Because hot weather reduces feed intake, animal feed nutritionists and pig producers need to review sow feed formulas to better prepare them for high temperatures.
Pig producers usually reduce crude protein and fiber in feed, because these nutrients emit more heat during digestion and metabolism, compared with carbohydrates and fats. Lipids, fats and oils are added to formulations to increase dietary density, so pigs and livestock consume more energy, even though they reduce their overall feed intake when stressed. Synthetic amino acids are also included to maintain the ideal energy-protein balance to keep pigs growing.
But, none of these feed formulas fully restore animal performance back to normal, because for livestock to be able to consume the same amount of nutrients and produce the same quantity of “usable” product (meat, milk, eggs) would mean certain death from apoplexy due to heat stress.
While all of these feed formulas are used on most pig farms today, little consideration is given to additives that could equally help pigs and livestock cope with heat stress.
Effects of heat stress
Heat stress causes increased respiration rate. This leads to increased losses of carbon dioxide from the lungs, which reduces the partial pressure of carbon dioxide, and consequently the concentration of bicarbonate in the blood.
The ensuing lowered concentration of hydrogen ions causes a rise in plasma pH, a condition widely known as alkalosis. Blood alkalosis is considered partially responsible for depressed feed intake and the consequent impaired performance in heat-stressed animals. To this end, certain additives are known to be beneficial in restoring blood pH.
However, certain additives can help pigs cope with acute high environmental temperatures. Of course, any product or nutritional strategy that reduces the amount of heat generated during digestion and metabolism will help.
Additives to reduce heat stress
Chronic exposure to high ambient temperatures reduces the effectiveness of these additives as the organism begins to adapt via a number of other mechanisms.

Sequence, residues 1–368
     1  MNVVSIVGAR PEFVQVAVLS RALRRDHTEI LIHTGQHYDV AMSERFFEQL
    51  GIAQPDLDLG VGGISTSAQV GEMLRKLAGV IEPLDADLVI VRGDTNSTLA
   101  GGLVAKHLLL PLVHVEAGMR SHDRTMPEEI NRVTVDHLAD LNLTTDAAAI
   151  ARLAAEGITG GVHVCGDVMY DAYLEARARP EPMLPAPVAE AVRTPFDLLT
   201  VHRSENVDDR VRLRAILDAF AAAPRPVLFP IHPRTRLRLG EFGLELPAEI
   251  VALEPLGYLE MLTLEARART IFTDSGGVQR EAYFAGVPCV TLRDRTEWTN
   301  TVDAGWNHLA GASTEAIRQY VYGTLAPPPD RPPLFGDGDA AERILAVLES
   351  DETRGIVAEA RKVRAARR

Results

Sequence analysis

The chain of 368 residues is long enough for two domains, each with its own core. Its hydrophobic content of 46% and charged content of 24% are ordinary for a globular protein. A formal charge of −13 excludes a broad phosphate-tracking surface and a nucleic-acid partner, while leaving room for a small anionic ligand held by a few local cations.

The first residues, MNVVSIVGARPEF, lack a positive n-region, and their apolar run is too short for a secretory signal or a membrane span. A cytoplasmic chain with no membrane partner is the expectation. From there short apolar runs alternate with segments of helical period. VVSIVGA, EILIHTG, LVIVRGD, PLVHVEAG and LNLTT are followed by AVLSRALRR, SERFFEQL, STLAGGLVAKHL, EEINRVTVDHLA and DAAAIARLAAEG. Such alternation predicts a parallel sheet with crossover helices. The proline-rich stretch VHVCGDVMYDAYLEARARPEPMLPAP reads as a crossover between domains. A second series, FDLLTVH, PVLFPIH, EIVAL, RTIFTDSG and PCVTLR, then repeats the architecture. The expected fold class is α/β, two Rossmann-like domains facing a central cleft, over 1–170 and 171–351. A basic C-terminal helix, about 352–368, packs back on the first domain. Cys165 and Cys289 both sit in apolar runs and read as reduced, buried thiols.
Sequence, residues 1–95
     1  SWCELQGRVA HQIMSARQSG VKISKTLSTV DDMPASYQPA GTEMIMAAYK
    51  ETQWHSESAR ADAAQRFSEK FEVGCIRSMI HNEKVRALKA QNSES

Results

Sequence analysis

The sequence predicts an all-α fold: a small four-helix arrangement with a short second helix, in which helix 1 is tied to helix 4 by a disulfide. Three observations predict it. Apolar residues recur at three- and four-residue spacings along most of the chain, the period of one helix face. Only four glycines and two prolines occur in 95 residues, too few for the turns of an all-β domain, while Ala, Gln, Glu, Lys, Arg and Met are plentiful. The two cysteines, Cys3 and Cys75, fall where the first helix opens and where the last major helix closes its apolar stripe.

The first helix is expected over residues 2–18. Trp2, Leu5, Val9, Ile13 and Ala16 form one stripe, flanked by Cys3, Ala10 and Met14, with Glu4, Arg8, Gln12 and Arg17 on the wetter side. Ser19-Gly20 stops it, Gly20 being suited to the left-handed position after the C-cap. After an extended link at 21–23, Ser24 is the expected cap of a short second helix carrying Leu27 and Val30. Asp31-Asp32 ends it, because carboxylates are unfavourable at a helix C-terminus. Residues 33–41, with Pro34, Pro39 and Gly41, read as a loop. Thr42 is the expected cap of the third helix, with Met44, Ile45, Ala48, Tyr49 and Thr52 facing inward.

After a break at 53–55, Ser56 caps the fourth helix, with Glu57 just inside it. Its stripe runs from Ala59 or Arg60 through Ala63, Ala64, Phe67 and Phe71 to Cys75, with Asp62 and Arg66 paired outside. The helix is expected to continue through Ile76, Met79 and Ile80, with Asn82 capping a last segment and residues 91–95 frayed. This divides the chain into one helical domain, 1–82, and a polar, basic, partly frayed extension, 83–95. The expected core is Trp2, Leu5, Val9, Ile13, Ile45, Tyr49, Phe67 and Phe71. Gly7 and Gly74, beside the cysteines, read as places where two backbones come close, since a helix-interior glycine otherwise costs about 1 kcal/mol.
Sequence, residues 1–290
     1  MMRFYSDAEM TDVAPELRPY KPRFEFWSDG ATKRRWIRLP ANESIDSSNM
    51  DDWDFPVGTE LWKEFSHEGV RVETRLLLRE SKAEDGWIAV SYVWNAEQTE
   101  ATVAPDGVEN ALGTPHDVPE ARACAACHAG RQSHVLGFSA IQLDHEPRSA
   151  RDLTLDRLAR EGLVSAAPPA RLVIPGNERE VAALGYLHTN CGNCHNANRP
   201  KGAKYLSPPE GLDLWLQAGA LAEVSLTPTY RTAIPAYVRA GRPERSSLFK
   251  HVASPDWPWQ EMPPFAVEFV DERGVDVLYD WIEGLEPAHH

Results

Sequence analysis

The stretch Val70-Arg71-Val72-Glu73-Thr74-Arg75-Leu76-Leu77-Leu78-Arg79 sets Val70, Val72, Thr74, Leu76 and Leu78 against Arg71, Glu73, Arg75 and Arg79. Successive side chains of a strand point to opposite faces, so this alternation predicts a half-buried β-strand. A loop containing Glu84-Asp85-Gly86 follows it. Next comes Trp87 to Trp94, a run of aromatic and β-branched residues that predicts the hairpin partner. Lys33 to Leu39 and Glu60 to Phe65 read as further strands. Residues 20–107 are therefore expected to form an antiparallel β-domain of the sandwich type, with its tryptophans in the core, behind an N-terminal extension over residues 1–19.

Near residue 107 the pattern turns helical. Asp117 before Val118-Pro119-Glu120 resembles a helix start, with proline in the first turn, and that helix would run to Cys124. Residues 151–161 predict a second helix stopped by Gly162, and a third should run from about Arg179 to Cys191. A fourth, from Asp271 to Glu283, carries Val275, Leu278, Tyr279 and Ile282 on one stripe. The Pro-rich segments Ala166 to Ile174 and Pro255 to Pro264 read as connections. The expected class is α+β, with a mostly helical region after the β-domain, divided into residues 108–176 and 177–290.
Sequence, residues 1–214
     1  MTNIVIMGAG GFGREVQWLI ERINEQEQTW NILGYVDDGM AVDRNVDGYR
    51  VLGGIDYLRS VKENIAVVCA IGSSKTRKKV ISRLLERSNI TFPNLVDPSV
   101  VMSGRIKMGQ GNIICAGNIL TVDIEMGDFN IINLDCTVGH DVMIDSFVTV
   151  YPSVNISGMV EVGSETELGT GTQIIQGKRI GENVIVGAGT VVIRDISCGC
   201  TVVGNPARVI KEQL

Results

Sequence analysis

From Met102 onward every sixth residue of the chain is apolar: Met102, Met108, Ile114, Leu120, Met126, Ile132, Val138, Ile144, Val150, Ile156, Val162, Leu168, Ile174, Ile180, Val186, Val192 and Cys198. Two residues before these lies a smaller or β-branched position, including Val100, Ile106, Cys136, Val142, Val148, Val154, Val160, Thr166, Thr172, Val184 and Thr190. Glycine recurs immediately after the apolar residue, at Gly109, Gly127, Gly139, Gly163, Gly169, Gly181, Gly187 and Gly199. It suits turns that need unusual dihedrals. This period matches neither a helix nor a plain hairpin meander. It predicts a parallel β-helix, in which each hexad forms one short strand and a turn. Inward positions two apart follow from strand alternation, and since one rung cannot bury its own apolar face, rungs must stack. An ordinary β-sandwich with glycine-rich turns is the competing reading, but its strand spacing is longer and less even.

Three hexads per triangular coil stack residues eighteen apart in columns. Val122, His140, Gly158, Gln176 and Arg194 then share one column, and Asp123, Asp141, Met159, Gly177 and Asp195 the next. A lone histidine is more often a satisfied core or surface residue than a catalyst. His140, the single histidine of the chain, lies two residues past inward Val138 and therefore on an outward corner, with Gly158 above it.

Sodium bicarbonate . This additive is used mostly for pigs because it can improve feed intake under heat stress. Feeding sodium bicarbonate to young pigs is strongly discouraged as this ingredient tends to buffer stomach pH, which is already outside required limits in weaned piglets, reducing protein digestion.
Chloride salts . Potassium chloride and ammonium chloride, can improve growth performance, as well as reduced pig mortality. However, high dosages of potassium chloride can have adverse effects. These salts also can be used in drinking water.
Vitamin C . Ascorbic acid, is not required by mammals under normal conditions, several research reports have demonstrated that an increase in vitamin C can help alleviate heat stress by reducing cortisol and ADH levels. Because an increase in Vitamin C requirements cannot be met by internal synthesis, external supplementation is required.
In pigs, Vitamin C supplements are best reserved for lactating sows that are under the most stress during the summer months, as they need to be able to consume large quantities of feed to cope with the large litters produced today. Vitamin C also can be administered in a water supply system, where its dosage can be easily altered to reflect anticipated heat waves. This is usually combined with an electrolyte pack.
Betaine . Also known as trimethyl glycine, betaine derived from sugar beet, is a known osmo-regulator that helps animals suffering from water dehydration. Betaine balances water levels inside cells, and alleviates the negative effects of accumulated inorganic ions that destabilize cellular enzymes and other proteins. It is specifically beneficial in cases where animals only have saline water to drink as this accentuates their predicament.
Sodium zeolite . A natural clay and anti-mycotoxin agent, sodium zeolite can reduce the effects of heat stress on laying hens and is likely to have a similar effect in other monogastric animals.
Although the exact mode of action in which this product affects the ability of animals to withstand heat stress is unknown, it is believed to act as a buffer in the gastrointestinal system, reducing alkalosis associated with panting.
Enzymes . Carbohydrases and proteases can help heat stress in an indirect way. Because they increase feed energy and nutrient density, they can help animals receive more nutrients per unit weight of feed they consume. This is most relevant in the case of energy and protein, and not so in the case of phosphorus.
Breaking down non-starch polysaccharides also can reduce direct heat production, because these compounds being hardly digestible pass on the lower parts of the gastrointestinal tract where they promote bacterial fermentation (that emits heat).
Additives are integral
No single additive or nutritional intervention strategy can restore animal performance reduction during acute heat stress. Nevertheless, along with feed formulation, and feeding management, a number of additives should be considered in an integral approach.
Not all additives work the same in all species, and even within species there are classes of livestock that benefit more from a certain approach. So, leaving the usual formulae (as being used in the rest of year) unchanged for the summer is not an option!